Discover the History of the Valley
Welcome to Hedley, a town filled with legends of the people who settled in this area. Hedley (population 400) is on Hwy 3, 30 minutes east of Princeton, an hour west of Penticton and three and a half hours from Vancouver.
Peek into the Past
When you visit, take the opportunity to peek into the past and discover the history of the town and the land around it. The mining heritage of this town, located at the base of Nickel Plate Mountain, is evident in the architecture you see today.
The Snaza’ist Discovery Centre and the Hedley Museum offer insightful exhibits into our First Nations and prospecting history. The Upper Similkameen Indian Band has its office here in Hedley. The band’s territory runs from just outside Hedley to Princeton.
Hedley is where you’ll get a seasonal opportunity to peer into days of old when gold was on everyone’s mind. Mascot Mine, located 1 km (.62 mi) above the town is closed for the 2018 season for renovations and upgrades.
It is rumoured that legendary outlaw, Billy Miner, used to come to Hedley with boxes of chocolates to give to the ladies at the dance hall.
Go for the Gold!
From 1850 to the 1960s, there was plenty of gold panned around Hedley Around 1890 they were panning at the mouth of Hedley Creek (20-mile creek) Even today, there are still gold claims along the creek and the Similkameen River.
Should you decide to try your luck, head over to the Mountain Mist store where you can purchase most of the panning equipment you’ll need. You can even ask for a guide to take you to some of the good spots.
As you stand outside the Hitching Post Restaurant you might start to believe you’re back in the early 1900s. This building is one of the many heritage sights in Hedley. Built in 1903, a local chef, Wilson Wiley, and his archaeologist wife, Brenda Gould, purchased the building and the business in 2004. The Hitching Post remains a destination restaurant to this very day. It’s also a great place to meet the Hedley locals and learn more about this unique community.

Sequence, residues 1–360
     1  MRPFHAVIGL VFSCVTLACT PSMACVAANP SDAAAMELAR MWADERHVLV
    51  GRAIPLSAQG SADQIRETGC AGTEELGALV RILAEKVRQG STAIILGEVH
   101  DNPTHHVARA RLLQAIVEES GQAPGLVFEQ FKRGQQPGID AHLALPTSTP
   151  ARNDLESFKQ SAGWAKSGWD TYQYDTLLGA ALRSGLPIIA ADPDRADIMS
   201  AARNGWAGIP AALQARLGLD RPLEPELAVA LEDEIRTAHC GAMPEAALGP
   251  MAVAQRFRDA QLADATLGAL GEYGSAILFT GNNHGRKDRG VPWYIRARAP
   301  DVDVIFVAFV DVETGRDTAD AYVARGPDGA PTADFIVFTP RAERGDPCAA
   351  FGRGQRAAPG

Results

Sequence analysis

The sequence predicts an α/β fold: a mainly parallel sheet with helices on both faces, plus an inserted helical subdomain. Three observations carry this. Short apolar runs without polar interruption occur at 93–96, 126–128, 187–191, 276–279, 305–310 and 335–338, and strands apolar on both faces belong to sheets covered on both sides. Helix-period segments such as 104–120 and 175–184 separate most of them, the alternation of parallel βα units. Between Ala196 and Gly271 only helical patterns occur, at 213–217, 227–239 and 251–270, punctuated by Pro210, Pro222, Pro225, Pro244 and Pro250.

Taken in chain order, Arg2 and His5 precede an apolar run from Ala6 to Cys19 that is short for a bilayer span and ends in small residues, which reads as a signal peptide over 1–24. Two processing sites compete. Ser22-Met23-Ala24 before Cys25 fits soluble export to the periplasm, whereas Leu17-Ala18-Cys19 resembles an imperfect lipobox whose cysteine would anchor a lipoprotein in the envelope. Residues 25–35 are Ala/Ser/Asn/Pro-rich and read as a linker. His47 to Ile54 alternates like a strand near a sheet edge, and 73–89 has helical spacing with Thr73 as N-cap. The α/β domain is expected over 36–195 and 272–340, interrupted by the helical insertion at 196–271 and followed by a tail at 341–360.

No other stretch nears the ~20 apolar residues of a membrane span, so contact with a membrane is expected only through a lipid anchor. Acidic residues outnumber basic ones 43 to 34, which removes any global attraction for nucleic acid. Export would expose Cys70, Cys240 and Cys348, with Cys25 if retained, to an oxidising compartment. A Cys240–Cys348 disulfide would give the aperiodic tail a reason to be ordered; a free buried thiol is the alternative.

Stop by the Nickle Plate just off the highway where you can find some good eats and down home hospitality.
Hedley’s also home to some legendary eateries. Make sure you check out Doug’s Homestead Gourmet Meats, where you can guess the price of your pepperoni, and if you’re right, it’s free! Winners get to sign the winners wall and get their photo taken.
Where to Stay in Hedley
Hedley has a nice variety when it comes to places to lay your head and relax. To stay close to nature, there is Corals Cabins, in a countryside setting, near hiking trails, waterfalls and a creek and the Gold Mountain Cabins and Campground on the beautiful Similkameen River. The Old Hedley Road Inn B & B has an oversize deck where you can watch the eagles fishing in Hayes Creek. At the Colonial Inn and RV Park you can park your RV or stay in one of the original five guest rooms in this historic home. The Hedley Inn & Hostel is upstairs in a funky historical building across from the Hitching Post. You can rent dorm rooms, private rooms or an entire suite. The Elks Motel is right on Hwy 3 West. It accepts small pets, has kitchen units, and has a picnic area.
In Case of Emergency
The Princeton General Hospital is where to go for medical emergencies of the human kind. For emergencies involving pets, there are two veterinarians in Princeton, 25 minutes from Hedley. Medical services are also available at the Penticton General Hospital, one hour away.